I recently became aware of Node.js and I'm trying to sort out where Node.js fits in the server side development picture. I found a few introductory videos from Ryan Dahl which sort of gave me the impression that Node might be the way of the future. So naturally the first thing I did from there was to Google "Node.js sucks". And of course, like anything that anyone thinks is good, somebody has to explain why that first guy was totally wrong. Whenever I hear the type of argument where one side says "X is the best possible," while the other side says "X is the worst possible," I always assume that X is very specialized – it's very good at doing something that people who like it need to do, but others don't. What I'm trying to put my finger on is just what exactly does Node.js specialize in?

So as I understand it Node.js has a few things that make it a lot different than traditional server-side development platforms. First off Node code is basically JavaScript. Client code running on the servers? That's weird. Also, I shouldn't have said servers (plural) because Node.js requires a dedicated HTTP server – just one server, and it's got to be HTTP. This is also weird. Node's got some clear advantages though. It's asynchronous and events-based, so theoretically Node applications should never block I/O. Non-blocking I/O might make Node.js a powerful new tool for dealing with giant message queues, but maybe it's got more working against it than just being weird.

I think the guys that say Node.js sucks sound kind of crazy, but they do have a point or three. First and foremost is that Node.js is single threaded; then the detractors have a problem with the similarities Node.js shares with JavaScript; and finally, they say that Node.js cannot possibly back their claim of being blockless.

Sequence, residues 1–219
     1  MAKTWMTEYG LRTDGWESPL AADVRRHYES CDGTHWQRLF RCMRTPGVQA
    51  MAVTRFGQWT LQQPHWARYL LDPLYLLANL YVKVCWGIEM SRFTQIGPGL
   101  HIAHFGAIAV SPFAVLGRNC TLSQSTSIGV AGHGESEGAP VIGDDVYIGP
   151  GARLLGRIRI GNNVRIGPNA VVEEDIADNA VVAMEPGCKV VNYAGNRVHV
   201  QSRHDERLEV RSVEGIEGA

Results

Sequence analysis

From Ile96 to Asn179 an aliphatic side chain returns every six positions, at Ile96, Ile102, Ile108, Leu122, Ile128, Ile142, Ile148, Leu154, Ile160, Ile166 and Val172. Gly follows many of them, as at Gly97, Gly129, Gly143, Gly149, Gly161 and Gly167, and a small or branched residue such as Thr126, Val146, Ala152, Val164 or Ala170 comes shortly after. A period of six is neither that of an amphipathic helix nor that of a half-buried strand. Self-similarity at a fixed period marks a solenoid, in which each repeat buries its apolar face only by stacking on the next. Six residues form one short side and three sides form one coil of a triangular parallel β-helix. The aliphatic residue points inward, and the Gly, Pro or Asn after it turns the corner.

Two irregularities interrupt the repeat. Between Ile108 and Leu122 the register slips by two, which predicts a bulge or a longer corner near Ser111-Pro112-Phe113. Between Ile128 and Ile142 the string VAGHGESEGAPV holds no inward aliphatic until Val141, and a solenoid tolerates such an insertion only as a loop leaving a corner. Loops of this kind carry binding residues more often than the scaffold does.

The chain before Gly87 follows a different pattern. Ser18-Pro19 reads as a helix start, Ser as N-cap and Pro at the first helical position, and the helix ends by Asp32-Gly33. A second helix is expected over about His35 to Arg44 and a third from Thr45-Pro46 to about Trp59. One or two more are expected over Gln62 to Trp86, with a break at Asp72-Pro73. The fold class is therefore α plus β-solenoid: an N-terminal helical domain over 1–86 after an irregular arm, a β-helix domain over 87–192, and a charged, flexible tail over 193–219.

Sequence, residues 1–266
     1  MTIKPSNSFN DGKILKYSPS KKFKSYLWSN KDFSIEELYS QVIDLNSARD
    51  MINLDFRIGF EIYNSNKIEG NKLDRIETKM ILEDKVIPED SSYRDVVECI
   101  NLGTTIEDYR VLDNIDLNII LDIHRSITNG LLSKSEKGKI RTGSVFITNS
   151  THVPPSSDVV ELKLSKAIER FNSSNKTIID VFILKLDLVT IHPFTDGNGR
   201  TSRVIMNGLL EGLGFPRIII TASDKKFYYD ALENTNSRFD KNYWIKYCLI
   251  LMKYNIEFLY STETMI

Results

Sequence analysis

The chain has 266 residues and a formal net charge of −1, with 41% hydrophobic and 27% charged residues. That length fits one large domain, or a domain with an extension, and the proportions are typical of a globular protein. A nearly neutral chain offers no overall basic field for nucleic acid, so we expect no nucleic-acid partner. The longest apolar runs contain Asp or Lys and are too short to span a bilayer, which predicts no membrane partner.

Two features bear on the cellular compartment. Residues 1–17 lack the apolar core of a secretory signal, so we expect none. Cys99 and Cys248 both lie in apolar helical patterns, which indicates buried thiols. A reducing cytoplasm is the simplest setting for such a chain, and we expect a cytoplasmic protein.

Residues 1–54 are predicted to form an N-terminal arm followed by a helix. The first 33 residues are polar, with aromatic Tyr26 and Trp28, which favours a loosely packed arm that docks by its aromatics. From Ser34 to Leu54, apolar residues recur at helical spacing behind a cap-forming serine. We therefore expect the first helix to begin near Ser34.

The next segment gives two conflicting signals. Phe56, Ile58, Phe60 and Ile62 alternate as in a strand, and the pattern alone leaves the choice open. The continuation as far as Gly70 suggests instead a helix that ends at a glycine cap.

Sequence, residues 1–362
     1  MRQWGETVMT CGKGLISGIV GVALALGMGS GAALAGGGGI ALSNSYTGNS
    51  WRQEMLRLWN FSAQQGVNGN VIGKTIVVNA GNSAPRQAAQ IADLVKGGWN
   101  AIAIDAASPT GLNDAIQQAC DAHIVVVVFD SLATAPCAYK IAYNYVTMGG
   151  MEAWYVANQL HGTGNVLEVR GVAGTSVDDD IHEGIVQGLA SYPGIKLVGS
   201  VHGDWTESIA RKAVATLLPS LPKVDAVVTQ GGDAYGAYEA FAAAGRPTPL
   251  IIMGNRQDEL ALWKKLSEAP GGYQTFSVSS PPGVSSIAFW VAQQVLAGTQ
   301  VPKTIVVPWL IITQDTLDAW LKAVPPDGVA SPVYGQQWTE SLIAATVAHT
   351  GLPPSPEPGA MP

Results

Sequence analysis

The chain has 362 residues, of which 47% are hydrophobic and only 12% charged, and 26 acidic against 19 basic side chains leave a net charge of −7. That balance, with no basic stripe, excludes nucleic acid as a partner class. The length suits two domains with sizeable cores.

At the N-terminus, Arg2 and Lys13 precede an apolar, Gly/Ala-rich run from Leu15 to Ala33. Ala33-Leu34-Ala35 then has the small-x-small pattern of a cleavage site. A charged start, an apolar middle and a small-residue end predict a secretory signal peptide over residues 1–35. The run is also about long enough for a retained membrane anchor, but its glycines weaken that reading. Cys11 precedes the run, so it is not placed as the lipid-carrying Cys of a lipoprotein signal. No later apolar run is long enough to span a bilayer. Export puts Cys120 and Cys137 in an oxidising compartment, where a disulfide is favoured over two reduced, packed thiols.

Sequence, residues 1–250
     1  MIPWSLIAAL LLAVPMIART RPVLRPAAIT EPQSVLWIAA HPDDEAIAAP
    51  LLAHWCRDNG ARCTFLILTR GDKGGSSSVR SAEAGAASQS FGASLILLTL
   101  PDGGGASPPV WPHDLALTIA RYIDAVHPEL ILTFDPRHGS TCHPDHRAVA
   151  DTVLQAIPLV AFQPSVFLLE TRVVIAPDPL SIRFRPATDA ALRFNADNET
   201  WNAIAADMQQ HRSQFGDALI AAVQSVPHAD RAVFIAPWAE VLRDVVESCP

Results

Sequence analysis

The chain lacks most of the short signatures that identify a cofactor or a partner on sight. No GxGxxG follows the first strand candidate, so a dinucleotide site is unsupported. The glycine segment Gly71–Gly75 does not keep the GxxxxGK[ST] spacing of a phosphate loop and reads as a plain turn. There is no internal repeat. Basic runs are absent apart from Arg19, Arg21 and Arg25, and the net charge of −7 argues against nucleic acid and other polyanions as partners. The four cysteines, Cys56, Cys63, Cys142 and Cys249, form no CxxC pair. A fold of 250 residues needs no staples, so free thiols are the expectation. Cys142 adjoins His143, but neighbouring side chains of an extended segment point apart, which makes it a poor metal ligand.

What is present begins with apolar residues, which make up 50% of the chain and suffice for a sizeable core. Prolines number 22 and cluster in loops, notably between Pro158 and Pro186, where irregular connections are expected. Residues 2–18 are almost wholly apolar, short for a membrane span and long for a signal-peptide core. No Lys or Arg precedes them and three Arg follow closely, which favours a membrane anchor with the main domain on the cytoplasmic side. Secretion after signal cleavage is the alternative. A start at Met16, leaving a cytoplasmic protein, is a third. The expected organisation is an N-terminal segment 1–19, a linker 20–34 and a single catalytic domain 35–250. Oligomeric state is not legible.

Addressing the concern about JavaScript is tough for me. I'm not an expert with JavaScript and I don't really know its advantages and disadvantages over other languages. I have read detractors state that JavaScript is a slow language because it is scripted and not compiled. I have read JavaScript proponents explain that it's not the language that is either slower or faster, but the way the code is written, meaning that the skill of the coder supersedes the inherent qualities of the language. Both arguments have merit, and I don't feel qualified to pick a winner.

Most server-side developers are very used to running basically linear processes concurrently in separate threads. This method allows you to run multiple complicated processes at the same time, and if one process fails, the other threads can still remain intact. So having a single thread run one process at a time sounds like it would be really slow. I don't think this is the case with Node.js because it is asynchronous and event based, which is a very different model than one might be used to.

Instead of running one process, waiting for the client to respond and then starting another process, Node.js runs the processes it has the data to run as soon as possible in the order it receives them. Then when the response comes back that's a new process in the queue, and the application just keeps juggling these requests. The overall design is such that Node developers are forced to keep each process very short because – as the detractors are quick to point out – if any one process takes too long it will block the server's CPU which will in effect block the application.

So you can't do long complicated processes like calculating pi with Node.js. Apparently they have workarounds for spinning off really complicated processes if you really need to, but that seems to be outside of the scope of the original plan. I think that where Node shines is in routing a high volume of low-overhead requests. Which means to me that Node.js is great for light messaging applications with a high user volume.

Are there other uses I've missed? Are there other issues with asynchronous programming in a single thread? Is there some part of the big picture I'm not seeing? Am I just plain wrong about all of this? Leave me a comment and let me know what's what.